- Erislandy Lara-Willie Lee/Yordanis Despaigne-Frank Paines, Wednesday, ESPN2/ESPN Deportes, Monroe La. Friday Night Fights moves to tonight this week. I appear to be the last person alive who likes watching Lara fight, since most now think the junior middleweight is too “boring.” But I really like his talent, and while he can be a bit cautious at times, he throws enough for my tastes. Lee has occasionally put up some resistance, with his best win coming over former top-10 contender Alex Bunema, but gets knocked out against anyone better than Bunema. Despaigne does it for me, too, and probably most fans – the light heavyweight is more aggressive than some of his Cuban brethren like Lara. His opponent, Paines, is from the factory in Colombia where they clone boxers with glossy KO records acquired against nobodies, and some of them are good but some of them are duds.
- Guillermo Rigondeaux-Jose Angel Beranza/Joksan Hernandez-Marlon Aguilar, Saturday, Fox Sports en Espanol, Tijuana Mexico. Rigondeaux is getting back into the ring after some professional turmoil outside the ring, and everyone who likes the gifted Cuban 122-pounder is probably breathing a sigh of relief. The best you can say about his opponent is that he’s experienced and doesn’t get knocked out a lot in his losses, and with just five pro fights for Guillermo, Beranza’s probably a better foe than most guys get at that level. Hernandez, a junior lightweight, is about the busiest fighter in the sport today, having already fought five times in 2010, and his opponent is respectable, but I have no idea what the plan is with Hernandez. I gather he makes good fights, but I haven’t seen him in action yet.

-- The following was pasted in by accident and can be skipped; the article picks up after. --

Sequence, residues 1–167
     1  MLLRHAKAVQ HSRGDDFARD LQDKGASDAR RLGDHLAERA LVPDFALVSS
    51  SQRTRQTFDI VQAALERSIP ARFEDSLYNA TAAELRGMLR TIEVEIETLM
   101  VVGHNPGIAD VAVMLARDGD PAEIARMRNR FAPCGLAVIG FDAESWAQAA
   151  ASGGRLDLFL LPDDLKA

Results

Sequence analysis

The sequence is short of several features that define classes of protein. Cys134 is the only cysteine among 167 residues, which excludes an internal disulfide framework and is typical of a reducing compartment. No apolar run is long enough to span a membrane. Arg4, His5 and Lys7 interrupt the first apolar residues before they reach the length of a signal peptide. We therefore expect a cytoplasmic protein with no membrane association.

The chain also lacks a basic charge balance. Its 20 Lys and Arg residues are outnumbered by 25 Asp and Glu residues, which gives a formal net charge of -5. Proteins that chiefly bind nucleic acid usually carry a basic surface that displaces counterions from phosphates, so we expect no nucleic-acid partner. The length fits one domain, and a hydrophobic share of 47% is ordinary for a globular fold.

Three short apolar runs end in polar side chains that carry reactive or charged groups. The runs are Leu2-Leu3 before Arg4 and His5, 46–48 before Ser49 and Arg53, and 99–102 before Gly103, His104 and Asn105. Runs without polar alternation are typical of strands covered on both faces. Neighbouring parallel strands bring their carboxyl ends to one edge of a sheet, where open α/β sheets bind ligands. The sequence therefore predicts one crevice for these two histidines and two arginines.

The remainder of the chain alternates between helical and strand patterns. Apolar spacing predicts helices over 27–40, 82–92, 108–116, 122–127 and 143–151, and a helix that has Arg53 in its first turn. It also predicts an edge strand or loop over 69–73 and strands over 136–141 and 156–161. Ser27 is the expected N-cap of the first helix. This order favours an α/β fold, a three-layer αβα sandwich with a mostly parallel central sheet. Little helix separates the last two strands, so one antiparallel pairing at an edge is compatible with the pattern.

- Marco Huck-Matt Godfrey, Saturday, Erfurt Germany. Marco Huck is a good, exciting cruiserweight. Godfrey is a somewhat good, somewhat less exciting and – given the way he turned his back on the Steve Cunningham, Friday Night Fights and the fans – totally undeserving cruiserweight. It kinda ticks me off that this guy is getting a big fight, so I don’t think I’ll say much more than that it might be the most significant bout of the weekend, what with Huck being #3 in Ring’s cruiserweight rankings and Godfrey being #10.
- The Rest. On TeleFutura’s Solo Boxeo Friday, featherweight prospect Michael Franco and lightweight Mercito Gesta get the showcase treatment… On Saturday, junior middleweight Jimmy Lange heads to Greensboro, N.C. to begin a three-city fight outside of his home base of Virginia to take on a 12-39 boxer named Mike McFail, a name which sounds like fate playing a cruel joke on him (naturally, Fail Blog is on top of the phrase “McFail”). I give a lot of attention to Lange because he’s local, fun and I’ve seen some of his shows, so don’t you judge me. As they say in I Heart Huckabees: “What is it, a crime? Is it a crime to look at Lange?”